The Wild Boys (novel)

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The Wild Boys: A Book of the Dead
First edition
AuthorWilliam S. Burroughs
CountryUnited States
PublisherGrove Press
Publication date
Media typePrint (Hardcover and Paperback)
Pages184 pp
LC ClassPZ4.B972 Wi PS3552.U75

The Wild Boys: A Book of the Dead is a novel by Beat Generation author William S. Burroughs. It was first published in 1971 by Grove Press. It depicts a homosexual youth movement whose objective is the downfall of western civilization, set in an apocalyptic late twentieth century.

Film adaptation proposals[edit]

In 1972, Burroughs wrote a screenplay based on the novel, with the intent of having it produced as a low-budget hardcore pornographic film, and entered into negotiations with gay porn producer Fred Halsted before abandoning the idea at the end of 1972.[1]

Russell Mulcahy wanted to direct a film adaptation, and talked to Duran Duran about writing the soundtrack, but the project never came to fruition.[2] Nonetheless, the novel inspired the Duran Duran song "The Wild Boys".[2]

Allusions in other works[edit]

  • The clothes, hair, and makeup of David Bowie's character Ziggy Stardust was based on the description of the Wild Boys in the book. According to Bowie, "it was a cross between that and Clockwork Orange that really started to put together the shape and the look of what Ziggy and the Spiders were going to become. They were both powerful pieces of work, especially the marauding boy gangs of Burroughs's Wild Boys with their bowie knives. I got straight on to that. I read everything into everything. Everything had to be infinitely symbolic."[3]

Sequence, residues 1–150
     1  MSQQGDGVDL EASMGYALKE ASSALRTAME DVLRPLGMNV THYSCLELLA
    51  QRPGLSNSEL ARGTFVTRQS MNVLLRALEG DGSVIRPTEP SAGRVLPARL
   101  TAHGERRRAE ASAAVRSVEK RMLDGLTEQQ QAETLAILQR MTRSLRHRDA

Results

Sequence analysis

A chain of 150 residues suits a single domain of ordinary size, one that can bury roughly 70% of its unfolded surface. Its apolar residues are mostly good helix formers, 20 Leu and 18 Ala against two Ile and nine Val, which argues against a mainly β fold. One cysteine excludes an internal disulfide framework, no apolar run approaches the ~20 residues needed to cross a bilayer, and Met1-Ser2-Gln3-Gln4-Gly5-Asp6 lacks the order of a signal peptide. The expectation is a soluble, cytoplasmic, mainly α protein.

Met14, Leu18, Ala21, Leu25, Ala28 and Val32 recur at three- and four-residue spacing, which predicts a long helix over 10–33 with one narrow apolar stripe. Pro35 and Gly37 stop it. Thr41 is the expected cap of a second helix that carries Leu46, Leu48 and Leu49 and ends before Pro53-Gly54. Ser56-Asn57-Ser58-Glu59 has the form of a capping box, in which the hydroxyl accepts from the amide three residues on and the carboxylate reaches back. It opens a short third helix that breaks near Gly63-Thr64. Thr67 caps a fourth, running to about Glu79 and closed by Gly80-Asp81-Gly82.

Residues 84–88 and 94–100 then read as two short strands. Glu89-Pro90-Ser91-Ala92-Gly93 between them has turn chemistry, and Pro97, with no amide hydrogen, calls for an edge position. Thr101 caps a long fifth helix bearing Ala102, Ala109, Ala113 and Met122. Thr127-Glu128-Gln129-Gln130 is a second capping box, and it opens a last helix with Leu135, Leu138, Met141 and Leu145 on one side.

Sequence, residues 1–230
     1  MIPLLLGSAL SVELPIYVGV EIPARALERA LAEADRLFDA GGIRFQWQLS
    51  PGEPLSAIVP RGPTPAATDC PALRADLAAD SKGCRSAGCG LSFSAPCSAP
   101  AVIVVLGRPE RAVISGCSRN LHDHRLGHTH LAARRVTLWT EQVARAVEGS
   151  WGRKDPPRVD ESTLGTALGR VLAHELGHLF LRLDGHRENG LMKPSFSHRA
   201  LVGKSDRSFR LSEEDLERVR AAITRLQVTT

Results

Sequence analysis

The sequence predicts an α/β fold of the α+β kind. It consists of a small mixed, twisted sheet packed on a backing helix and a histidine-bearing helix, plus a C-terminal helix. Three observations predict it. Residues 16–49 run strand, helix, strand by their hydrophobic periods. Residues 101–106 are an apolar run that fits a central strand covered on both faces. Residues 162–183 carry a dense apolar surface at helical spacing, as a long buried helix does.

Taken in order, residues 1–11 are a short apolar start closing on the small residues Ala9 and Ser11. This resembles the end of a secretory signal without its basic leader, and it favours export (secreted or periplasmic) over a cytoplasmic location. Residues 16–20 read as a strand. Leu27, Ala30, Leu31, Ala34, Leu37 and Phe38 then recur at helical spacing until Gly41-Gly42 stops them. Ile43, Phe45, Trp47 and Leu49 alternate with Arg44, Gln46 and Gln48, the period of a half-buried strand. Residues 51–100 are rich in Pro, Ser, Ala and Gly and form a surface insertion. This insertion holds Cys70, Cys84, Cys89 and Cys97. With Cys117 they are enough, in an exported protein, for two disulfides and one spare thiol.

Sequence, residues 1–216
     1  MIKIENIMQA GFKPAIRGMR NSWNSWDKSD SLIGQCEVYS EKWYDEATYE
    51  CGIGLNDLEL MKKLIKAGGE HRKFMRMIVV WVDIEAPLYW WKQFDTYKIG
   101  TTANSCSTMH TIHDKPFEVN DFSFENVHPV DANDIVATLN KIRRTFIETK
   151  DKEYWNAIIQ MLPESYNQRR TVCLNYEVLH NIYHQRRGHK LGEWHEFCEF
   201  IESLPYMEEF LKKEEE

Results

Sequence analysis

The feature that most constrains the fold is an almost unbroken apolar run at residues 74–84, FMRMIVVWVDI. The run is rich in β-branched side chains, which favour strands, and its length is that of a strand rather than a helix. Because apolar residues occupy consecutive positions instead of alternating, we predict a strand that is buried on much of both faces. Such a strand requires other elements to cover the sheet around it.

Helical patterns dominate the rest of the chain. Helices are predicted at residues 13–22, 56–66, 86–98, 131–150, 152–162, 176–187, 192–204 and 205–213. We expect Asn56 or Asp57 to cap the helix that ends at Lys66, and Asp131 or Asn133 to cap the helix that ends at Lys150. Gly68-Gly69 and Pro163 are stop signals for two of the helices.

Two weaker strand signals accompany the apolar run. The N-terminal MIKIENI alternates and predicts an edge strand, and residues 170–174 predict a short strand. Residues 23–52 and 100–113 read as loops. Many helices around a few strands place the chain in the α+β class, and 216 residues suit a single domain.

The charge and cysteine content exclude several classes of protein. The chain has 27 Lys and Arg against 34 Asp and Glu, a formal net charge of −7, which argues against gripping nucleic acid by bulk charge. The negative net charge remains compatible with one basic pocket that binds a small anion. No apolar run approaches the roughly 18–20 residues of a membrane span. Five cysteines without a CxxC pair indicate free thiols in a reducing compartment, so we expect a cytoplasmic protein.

• Post-punk band The Soft Boys took their name from a combination The Wild Boys and The Soft Machine.[4]
  • Former Joy Division front-man Ian Curtis cited it as one of his favourite books.[5]
  • Johnny, the protagonist of Patti Smith's Horses, is a reference to the homoerotic protagonist of the novel.
  • Frasier, the protagonist of Luca Guadagnino’s We Are Who We Are, reads this novel in the first episode.


  1. ^ William S. Burroughs, Bill Morgan (ed.), Rub Out the Words: The Letters of William S. Burroughs, 1959-1974 (New York: Harper Collins, 2012), pp. 390–394.
  2. ^ a b VH1 interview with John Taylor
  3. ^ Christopher Sandford, Bowie: Loving The Alien. Da Capo Press, 2003, 1998. ISBN 978-0-306-80854-8
  4. ^ "Hitchcock, Soft Boys Still Rock Hard". The Harvard Crimson. 20 April 2001. Retrieved 25 July 2012.
  5. ^ Jon Savage (10 May 2008). "Jon Savage on Ian Curtis's reading". The Guardian. Retrieved 25 July 2012.